Last we left her, we knew that Soeur Holt was going to be moving, but we hadn’t said where!
Yes- so the biggest news of the week is that we received transfer calls Saturday night and I will be heading down to French Guiana to serve with Soeur Hansen (I know mummy- that you and Soeur Hansen’s mum are going to be so excited for us to serve together!!) I will be leaving Wednesday morning and get the 2 hour flight to the South American continent!!
Since receiving the call it’s really been a mixture of emotions- on one hand I am really excited to head to Guiana to meet new people- and apparently the members are amazing there and the work is really progressing. Not to mention I have the opportunity to serve with Soeur Hansen finally after she dodged me in the MTC!! On the other I am really sad to leave and slightly scared to leave what I have come to call home in Abymes- the members, the people I have been teaching, my companion Soeur T, etc. I cried on Sunday after Church as I talked to some of the sisters who I love so much!! But that’s the life of a missionary- onto bigger and better things I hope- specifically a really cool Ford truck I have heard a lot about!!
As we did with Guadeloupe, we have done some research about French Guiana and hope you’ll be excited as we are for the next part of Soeur Holt’s service.
If we look at the map of the mission we can see that French Guiana is the only ‘country’ that is not an island but is to be found on the north coast of South America.
We think it is a part of the Barbados Bridgetown Mission because it is French speaking and none of the other countries surrounding it are.
To the French and to the inhabitants of French Guiana it is known only as Guyane which means ‘land of many waters’. Originally there were a number of Guianas including British, Dutch, Portuguese, and Spanish- hence being known as French Guiana to ‘outsiders’.
Lonelyplanet.com describes French Guiana as “a tiny country of cleaned-up colonial architecture, eerie prison-camp history and some of the world’s most diverse plant and animal life. It’s a strange mix of French law and rainforest humidity where only a few destinations along the coast are easily accessed and travel can be frustratingly difficult as well as expensive. As a department of France, it’s one of South America’s wealthiest corners, with funds pouring in to ensure a stable base for the satellite launcher. But not even a European superpower can tame this vast, pristine jungle: you’ll find potholes in newly paved roads, and ferns sprouting between bricks, while Amerindians, Maroons and Hmong refugees live traditional lifestyles so far from la vie Metropole that it’s hard to believe they’re connected at all.”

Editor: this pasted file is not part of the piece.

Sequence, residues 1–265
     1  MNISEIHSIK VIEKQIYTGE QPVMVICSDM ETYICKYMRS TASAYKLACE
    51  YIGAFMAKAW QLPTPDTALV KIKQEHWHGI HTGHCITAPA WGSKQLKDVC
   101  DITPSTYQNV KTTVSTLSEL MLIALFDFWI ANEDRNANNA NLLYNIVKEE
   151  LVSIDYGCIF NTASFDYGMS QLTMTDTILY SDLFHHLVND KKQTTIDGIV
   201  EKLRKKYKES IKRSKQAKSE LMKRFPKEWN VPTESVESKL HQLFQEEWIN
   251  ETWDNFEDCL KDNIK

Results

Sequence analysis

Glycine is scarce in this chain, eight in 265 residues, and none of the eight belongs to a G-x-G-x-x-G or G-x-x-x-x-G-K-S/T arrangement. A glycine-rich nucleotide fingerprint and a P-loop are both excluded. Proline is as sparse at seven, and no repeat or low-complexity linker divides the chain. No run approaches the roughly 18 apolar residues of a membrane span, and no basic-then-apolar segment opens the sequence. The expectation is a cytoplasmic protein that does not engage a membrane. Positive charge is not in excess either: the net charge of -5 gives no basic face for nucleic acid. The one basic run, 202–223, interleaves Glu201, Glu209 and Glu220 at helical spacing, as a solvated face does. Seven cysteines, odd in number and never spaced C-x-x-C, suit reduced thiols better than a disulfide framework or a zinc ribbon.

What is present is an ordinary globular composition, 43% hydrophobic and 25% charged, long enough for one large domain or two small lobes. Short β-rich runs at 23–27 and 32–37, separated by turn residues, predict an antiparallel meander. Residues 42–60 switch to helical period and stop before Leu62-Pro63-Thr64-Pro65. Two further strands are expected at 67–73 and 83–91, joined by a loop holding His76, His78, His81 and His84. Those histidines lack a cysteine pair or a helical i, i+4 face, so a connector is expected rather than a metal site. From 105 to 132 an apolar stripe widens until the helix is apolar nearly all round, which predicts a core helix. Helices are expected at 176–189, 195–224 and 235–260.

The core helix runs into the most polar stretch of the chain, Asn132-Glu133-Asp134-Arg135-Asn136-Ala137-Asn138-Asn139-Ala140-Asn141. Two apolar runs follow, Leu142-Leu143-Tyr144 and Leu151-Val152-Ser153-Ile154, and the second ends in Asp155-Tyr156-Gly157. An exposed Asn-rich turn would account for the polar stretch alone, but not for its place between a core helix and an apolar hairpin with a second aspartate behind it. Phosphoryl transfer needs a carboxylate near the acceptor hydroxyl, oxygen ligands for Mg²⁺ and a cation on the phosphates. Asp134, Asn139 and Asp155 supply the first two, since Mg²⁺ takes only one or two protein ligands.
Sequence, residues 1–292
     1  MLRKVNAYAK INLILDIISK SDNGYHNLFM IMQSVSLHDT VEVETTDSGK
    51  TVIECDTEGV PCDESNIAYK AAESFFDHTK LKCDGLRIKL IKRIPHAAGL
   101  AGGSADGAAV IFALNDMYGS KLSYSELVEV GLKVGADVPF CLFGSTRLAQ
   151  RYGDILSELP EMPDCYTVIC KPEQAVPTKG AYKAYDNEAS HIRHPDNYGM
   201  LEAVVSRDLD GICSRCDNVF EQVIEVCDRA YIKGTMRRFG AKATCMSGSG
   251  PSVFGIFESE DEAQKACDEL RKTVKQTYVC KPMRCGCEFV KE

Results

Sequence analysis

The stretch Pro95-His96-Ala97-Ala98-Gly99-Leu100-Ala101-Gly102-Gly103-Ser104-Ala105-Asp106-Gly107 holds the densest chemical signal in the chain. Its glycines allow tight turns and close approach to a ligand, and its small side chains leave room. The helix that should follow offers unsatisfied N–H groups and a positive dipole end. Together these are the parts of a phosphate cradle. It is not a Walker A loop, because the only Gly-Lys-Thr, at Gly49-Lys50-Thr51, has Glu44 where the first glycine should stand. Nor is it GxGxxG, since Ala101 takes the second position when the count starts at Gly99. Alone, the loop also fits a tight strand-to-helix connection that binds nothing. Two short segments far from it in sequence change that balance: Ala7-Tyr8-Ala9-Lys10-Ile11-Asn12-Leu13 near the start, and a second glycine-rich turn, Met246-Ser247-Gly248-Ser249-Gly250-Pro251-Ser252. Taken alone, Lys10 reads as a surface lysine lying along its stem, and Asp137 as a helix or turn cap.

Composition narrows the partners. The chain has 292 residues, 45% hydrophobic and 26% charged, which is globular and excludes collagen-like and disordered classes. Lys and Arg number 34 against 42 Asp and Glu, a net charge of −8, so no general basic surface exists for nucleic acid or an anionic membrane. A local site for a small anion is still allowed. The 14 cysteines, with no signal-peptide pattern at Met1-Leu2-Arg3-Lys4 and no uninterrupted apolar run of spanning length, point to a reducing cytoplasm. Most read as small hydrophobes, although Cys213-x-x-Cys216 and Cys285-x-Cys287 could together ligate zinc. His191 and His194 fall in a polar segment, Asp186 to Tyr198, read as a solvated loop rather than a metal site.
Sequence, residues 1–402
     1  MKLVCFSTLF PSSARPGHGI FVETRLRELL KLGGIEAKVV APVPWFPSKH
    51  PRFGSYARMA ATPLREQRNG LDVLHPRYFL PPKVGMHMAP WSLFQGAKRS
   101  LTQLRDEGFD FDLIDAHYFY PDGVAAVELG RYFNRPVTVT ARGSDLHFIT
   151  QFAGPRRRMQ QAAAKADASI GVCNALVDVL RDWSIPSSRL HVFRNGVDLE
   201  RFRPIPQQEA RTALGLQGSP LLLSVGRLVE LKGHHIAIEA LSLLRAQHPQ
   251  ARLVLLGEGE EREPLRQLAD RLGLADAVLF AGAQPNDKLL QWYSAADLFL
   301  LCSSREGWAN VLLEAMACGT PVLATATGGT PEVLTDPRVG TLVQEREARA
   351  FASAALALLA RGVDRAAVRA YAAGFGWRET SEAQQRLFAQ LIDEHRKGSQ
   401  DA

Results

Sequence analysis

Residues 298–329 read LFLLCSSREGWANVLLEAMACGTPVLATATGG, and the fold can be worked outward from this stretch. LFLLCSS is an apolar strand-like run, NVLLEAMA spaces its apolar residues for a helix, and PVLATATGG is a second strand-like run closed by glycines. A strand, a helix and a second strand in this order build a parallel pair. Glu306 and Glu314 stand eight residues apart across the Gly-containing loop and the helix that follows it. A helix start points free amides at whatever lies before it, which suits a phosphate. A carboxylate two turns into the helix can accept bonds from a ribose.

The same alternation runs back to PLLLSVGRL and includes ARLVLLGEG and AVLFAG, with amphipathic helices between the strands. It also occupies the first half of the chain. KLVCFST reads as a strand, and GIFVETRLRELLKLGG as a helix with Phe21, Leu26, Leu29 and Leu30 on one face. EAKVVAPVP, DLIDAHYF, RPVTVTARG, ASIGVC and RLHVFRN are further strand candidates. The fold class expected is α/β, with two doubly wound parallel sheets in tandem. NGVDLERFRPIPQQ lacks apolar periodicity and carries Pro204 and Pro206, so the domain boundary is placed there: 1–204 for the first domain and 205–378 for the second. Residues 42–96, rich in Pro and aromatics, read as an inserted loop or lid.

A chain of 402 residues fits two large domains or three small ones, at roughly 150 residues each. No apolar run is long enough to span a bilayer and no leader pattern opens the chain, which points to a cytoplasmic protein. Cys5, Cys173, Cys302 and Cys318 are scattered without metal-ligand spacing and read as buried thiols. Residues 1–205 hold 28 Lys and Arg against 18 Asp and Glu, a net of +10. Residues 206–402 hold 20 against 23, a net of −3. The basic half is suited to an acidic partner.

It seems to be an exciting country to be in- its land mass is 83,534 km2 (32,253 sq mi) with a low population density of 3 inhabitants per square kilometre. In 2013 half of its 244,118 live in the city of Cayenne, its capital. This is where Soeur Holt will be based- as the only chapel belonging to the Church in Guyane is found there. There are approximately 400 members of the Church in Guyane.
We’ve taken some information from Wikipedia to help us understand its history and economy. “The area was originally inhabited by Native Americans. The first French establishment is recorded in 1503 but the French presence didn’t really become durable until 1643 and the foundation of Cayenne. Guiana then became a slave colony and saw its population increase until the official abolition of slavery at the time of the French Revolution. Guiana temporarily became a French department in 1797 but was gradually transformed into a penal colony with the establishment of a network of camps and penitentiaries spread over the coast where prisoners were sentenced to forced labour. It abandoned its status as a colony and became again a French department in 1946. De Gaulle, who became president, decided to establish the Guiana Space Centre in 1965. It is now operated by the CNES, Arianespace and the European Space Agency (ESA).
Several thousand Hmong refugees from Laos migrated to French Guiana in the late 1970s and early 1980s.
Nowadays fully integrated in the French central state, Guiana is a part of the European Union, and its official currency is the euro. The official language is French, but each ethnic community has its own language, of which Guianan Creole is the most widely spoken.”
French Guiana is home to many different ecosystems: tropical rainforests, coastal mangroves, savannahs, inselbergs and many types of wetlands. The rainforests of French Guiana are protected by a national park (the Guiana Amazonian Park) and six additional nature reserves. Temperatures seem to be stable throughout the year- hovering around 30oC with the potential to be a lot hotter.
The history of the Church in Guyane, according to mormonnewsroom.org, began with Charles Fortin, a native of French Guiana, who was baptized in France and returned to his homeland in 1980. Rosiette Fauvette, also baptized in France, returned to French Guiana in July 1981. She attended Sunday meetings at Fortin’s home in Cayenne. Charles Fortin introduced the Church to many people before his death in April 1986.
Elder Charles Didier of the Seventy organised a group in March 1988. Followed by the Kourou Branch in May 1989 and the Cayenne Branch in August of the same year. On February 27, 1990, Elder M. Russell Ballard of the Quorum of the Twelve blessed the land and with Elder Charles Didier visited branch members in both Cayenne and Kourou. The chapel in Cayenne was dedicated in March 1999.
We look forward to hearing of Soeurs Holt and Hansen’s experiences in Guyane!
Her new postal address is:
Soeur Eleanor R. Holt
Bat E Appt #2
Résidence Pont Maggi
Route De Baduel
Her email address remains firstname.lastname@example.org